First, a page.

Eva-Maria Hagen, the 'Bardot of the East,' dies at 87
The actor and singer Eva-Maria Hagen, one of communist East Germany's biggest stars, has passed away.
The actor and singer Eva-Maria Hagen, one of communist East Germany's biggest stars before being banned from her profession, has passed away. She leaves behind some renowned descendants.
Eva-Maria Hagen, who was described as "the Brigitte Bardot" of East Germany (GDR) because of her striking blonde hair and sex appeal, died on Tuesday, aged 87, a family representative said on Friday.
The actor and singer was the mother of well-known punk singer Nina Hagen and the grandmother of Cosma Shiva Hagen, a popular German actor in her own right.
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"Eva-Maria Hagen left the earthly plane and has preceded us in going to the eternal home," the management of Nina Hagen said in a statement sent to the AFP news agency. "We are mourning, full of longing, love and gratitude."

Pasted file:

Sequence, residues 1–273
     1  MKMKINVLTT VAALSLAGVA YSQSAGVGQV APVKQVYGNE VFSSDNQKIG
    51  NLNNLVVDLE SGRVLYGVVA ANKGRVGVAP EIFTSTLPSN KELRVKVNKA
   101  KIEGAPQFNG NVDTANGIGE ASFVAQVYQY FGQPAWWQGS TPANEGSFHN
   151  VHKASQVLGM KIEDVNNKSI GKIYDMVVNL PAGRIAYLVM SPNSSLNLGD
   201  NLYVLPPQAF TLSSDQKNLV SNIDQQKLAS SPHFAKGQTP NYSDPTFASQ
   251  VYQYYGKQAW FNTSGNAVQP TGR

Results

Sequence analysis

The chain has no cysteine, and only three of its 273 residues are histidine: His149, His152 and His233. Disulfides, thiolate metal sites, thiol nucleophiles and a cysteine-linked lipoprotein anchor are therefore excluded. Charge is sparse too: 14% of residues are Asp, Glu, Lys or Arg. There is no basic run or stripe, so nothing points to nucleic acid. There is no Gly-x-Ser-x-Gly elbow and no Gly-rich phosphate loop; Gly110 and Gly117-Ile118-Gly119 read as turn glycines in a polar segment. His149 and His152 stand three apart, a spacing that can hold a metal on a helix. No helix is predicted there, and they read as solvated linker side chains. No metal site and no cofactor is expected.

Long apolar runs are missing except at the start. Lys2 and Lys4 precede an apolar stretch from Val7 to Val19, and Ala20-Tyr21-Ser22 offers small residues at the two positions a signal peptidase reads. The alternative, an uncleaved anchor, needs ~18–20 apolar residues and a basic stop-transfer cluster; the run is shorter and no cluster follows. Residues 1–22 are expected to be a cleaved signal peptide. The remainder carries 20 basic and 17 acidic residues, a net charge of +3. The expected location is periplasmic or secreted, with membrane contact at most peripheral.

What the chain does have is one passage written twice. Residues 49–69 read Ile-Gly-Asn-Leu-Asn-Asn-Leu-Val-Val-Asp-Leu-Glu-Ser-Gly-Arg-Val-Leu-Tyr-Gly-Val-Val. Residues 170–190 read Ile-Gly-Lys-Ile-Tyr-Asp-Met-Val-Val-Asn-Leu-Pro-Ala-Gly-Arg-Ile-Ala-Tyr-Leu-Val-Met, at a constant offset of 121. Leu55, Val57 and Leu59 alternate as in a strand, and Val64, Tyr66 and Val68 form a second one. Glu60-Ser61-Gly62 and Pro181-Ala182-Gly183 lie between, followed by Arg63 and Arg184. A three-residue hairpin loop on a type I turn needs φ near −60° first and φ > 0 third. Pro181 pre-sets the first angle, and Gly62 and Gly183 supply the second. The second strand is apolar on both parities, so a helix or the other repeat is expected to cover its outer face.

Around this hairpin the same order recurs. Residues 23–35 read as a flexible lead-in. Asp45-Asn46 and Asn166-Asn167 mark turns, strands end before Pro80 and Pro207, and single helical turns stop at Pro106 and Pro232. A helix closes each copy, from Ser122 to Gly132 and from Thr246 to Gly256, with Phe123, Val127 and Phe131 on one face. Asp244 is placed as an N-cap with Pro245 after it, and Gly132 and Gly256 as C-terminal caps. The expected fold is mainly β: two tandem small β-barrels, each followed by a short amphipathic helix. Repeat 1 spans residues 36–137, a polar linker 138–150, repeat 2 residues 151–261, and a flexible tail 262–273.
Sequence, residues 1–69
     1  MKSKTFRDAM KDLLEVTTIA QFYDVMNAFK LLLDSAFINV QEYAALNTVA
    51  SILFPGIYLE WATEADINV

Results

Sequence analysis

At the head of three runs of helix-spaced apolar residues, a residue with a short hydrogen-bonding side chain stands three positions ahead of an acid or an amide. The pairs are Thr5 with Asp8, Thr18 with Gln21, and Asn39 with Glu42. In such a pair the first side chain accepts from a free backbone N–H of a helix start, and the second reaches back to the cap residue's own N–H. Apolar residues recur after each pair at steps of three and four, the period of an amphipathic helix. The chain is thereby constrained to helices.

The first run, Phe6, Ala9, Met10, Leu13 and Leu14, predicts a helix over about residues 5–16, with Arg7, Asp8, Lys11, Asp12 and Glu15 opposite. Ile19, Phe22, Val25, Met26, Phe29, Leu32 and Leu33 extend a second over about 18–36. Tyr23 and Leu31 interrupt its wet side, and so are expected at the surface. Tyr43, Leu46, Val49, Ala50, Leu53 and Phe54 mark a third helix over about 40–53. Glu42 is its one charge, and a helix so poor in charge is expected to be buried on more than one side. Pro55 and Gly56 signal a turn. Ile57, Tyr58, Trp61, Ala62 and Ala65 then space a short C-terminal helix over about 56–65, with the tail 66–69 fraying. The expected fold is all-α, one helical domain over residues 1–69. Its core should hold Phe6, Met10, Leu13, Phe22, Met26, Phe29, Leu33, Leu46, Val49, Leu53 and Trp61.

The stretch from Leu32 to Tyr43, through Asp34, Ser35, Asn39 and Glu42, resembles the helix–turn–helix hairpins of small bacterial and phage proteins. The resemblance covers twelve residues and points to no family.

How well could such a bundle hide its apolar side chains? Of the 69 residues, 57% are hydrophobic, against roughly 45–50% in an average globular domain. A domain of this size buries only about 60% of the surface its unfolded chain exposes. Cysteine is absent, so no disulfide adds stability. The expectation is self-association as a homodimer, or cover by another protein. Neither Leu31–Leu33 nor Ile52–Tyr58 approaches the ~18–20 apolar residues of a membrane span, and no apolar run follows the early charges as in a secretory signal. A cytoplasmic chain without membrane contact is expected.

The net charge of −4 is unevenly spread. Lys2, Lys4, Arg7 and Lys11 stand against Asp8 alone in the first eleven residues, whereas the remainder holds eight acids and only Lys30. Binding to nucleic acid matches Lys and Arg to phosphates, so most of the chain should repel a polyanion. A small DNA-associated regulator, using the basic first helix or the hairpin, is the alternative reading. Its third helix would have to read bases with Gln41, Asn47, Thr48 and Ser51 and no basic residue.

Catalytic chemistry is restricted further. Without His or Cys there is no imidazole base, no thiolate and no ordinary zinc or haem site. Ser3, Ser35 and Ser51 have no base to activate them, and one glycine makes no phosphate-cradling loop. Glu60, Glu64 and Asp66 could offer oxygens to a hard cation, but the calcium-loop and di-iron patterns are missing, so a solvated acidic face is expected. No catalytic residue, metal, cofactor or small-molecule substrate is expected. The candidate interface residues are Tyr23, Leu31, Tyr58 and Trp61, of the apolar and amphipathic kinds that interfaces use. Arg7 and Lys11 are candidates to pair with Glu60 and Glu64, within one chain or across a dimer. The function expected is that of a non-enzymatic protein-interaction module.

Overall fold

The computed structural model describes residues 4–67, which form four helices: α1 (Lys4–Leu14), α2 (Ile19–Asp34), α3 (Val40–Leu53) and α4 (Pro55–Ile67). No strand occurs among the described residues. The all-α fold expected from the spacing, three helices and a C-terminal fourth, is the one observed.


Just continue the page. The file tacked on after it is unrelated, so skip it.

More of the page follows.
Meteoric career in the East
Hagen, born in 1934 in what is now Poland, was a major movie star in East Germany before she came into conflict with the regime over her support for her erstwhile lover Wolf Biermann, a songwriter and GDR dissident who was forced into exile in 1976.
Banned from practicing her profession, she left for West Germany in 1977 with her daughter, Nina.
There she continued her success as an actor, even after Germany was reunified in 1990, and also gave chanson performances, sometimes with her daughter and granddaughter.
While still in East Germany, she had roles in some 50 television movies alongside stage work, making her one of the country's most famous faces.
Her rise to stardom came in the 1957 romantic comedy "Vergesst mir meine Traudel nicht" (Don't Forget My Little Traudel) by the state-run production company DEFA. The film is about a war orphan who falls for a policeman.
At the start of her theater career, she worked under the direction of the famous playwright Berthold Brecht in the prestigious Berliner Ensemble.